Gabriel Iovino is a Principal Security Engineer with REN-ISAC. The REN-ISAC is an integral part of higher education's strategy to improve network security through information collection, analysis, dissemination, early warning, and response. Gabriel holds a Masters degree in Network Security from Capitol College and a Bachelors of Science with a concentration in Computer Information Systems from Indiana University. Before joining the REN-ISAC Gabriel worked for Indiana University.
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Merri Beth Lavagnino
Merri Beth Lavagnino is Chief Privacy Officer and Compliance Coordinator within the Indiana University Office of the Vice President for Information Technology. In this role, she develops and maintains policies regarding the appropriate use of information technology, administering education programs about common technology and security issues and concerns. Lavagnino coordinates investigations and responses to reports of abuse or inappropriate use of electronic information or information technology, interacting daily with and on behalf of students, faculty, and staff. She also works closely with University administration, judicial officers, Counsel, and other IU agencies, as well as internal and external law enforcement and prosecutors. Lavagnino earned her Master's degree in Library and Information Science from Indiana University in 1989, and earned a Bachelor's degree in Education from Temple University in 1985. She earned the Certified Information Privacy Professional (CIPP) credential in 2007.
Dave Muehling is a Director within Gartner’s consulting services. He covers security and risk management, identity and access management, directory services, provisioning, authentication, role based access control, and federated identity. Before the Burton Group acquisition by Gartner, Dave was a Senior Consultant at Burton Group. While at Burton Group, Dave worked with several Higher Education institutions and Fortune 500 companies designing strategies for a multitude of security and identity management programs. With 16 years of experience, Dave has held numerous executive and architecture positions at private and public companies. In addition to his experience in security, Dave has architected and designed large-scale customer facing and internally facing services (portal, web, and service integrations) spanning multiple domains including: e-commerce, education, health care, customer relationship management, and collaboration.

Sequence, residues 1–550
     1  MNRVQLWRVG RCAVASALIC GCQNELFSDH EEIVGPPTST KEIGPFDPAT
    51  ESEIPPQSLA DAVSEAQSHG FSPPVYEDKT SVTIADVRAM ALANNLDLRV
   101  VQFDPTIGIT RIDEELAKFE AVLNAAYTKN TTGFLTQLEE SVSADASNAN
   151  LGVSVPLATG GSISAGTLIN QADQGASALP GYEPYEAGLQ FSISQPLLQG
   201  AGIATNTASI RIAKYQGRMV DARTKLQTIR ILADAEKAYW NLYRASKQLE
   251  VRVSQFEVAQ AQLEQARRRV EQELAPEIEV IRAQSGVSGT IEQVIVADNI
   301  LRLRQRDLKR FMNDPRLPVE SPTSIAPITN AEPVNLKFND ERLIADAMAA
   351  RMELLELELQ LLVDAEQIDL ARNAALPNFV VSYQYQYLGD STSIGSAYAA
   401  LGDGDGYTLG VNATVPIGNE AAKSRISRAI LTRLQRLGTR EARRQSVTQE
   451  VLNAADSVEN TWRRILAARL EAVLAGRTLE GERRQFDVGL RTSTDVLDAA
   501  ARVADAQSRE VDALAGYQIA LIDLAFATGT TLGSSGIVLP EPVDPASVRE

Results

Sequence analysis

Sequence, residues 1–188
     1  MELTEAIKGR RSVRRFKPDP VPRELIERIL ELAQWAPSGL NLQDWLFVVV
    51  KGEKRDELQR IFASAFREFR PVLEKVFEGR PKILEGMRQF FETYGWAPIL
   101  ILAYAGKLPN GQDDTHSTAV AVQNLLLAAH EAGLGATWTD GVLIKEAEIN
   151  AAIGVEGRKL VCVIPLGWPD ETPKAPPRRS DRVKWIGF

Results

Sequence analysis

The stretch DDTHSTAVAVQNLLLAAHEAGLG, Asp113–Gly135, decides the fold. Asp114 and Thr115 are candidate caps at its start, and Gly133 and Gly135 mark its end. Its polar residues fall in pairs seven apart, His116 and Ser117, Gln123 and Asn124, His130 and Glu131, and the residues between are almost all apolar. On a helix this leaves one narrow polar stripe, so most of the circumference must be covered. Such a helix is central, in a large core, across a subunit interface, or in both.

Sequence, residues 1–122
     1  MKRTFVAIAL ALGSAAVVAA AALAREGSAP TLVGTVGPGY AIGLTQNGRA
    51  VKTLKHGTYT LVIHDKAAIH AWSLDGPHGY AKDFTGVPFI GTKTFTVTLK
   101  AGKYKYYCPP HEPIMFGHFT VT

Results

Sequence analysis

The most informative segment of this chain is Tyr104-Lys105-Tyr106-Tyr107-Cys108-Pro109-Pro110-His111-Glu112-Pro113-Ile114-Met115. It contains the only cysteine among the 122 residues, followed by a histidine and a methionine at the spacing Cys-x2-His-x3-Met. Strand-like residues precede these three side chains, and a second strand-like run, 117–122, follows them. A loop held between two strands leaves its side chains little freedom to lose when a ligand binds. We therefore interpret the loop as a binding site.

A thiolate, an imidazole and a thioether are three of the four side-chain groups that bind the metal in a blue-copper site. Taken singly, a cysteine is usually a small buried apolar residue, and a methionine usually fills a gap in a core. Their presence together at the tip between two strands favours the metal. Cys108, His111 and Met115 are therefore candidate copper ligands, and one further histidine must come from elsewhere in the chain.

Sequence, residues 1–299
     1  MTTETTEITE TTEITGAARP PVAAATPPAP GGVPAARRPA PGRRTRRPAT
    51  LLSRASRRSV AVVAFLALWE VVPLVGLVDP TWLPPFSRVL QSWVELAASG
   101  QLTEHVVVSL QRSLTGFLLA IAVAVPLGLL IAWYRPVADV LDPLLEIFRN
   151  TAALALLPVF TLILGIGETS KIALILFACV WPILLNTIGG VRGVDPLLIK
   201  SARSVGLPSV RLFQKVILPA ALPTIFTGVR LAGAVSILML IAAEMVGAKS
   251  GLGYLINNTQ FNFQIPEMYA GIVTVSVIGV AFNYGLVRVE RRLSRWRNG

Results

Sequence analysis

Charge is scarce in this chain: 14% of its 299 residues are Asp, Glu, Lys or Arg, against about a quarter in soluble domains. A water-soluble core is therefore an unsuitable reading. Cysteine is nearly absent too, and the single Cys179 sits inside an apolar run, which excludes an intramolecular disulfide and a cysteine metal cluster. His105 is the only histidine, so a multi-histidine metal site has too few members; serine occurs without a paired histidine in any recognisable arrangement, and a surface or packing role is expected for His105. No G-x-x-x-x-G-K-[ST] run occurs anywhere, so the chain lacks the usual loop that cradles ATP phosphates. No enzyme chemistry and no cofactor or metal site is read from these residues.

Doug Pearson is the Technical Director of REN-ISAC. Doug is charged with aiding and promoting cybersecurity operational protection and response within the context of a private community of trusted representatives at member institutions, and in service to the higher education and research community at-large. REN-ISAC serves as a trusted partner for served networks, the formal US ISAC community, and in other commercial, governmental, and private security information sharing relationships.
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Jane Rosenthal is the Privacy Coordinator for the University of Kansas located in Lawrence, Kansas. In this role, Rosenthal is responsible for coordinating campus-wide policies, procedures, and review of various State and Federal laws with privacy provisions (including HIPAA, FERPA, and GLBA). Prior to this position, Jane served for 7 years at the University of Kansas Medical Center Research Institute, Inc. as the Corporate Counsel responsible for all research contracts, public and private, received by the KUMC campuses. Jane earned her Bachelor of Arts in International Affairs at the University of Colorado at Boulder and her Juris Doctor from the University of Kansas School of Law.
Bruce Schneier is an internationally renowned security technologist and author. Described by The Economist as a "security guru," he is best known as a refreshingly candid and lucid security critic and commentator. When people want to know how security really works, they turn to Schneier.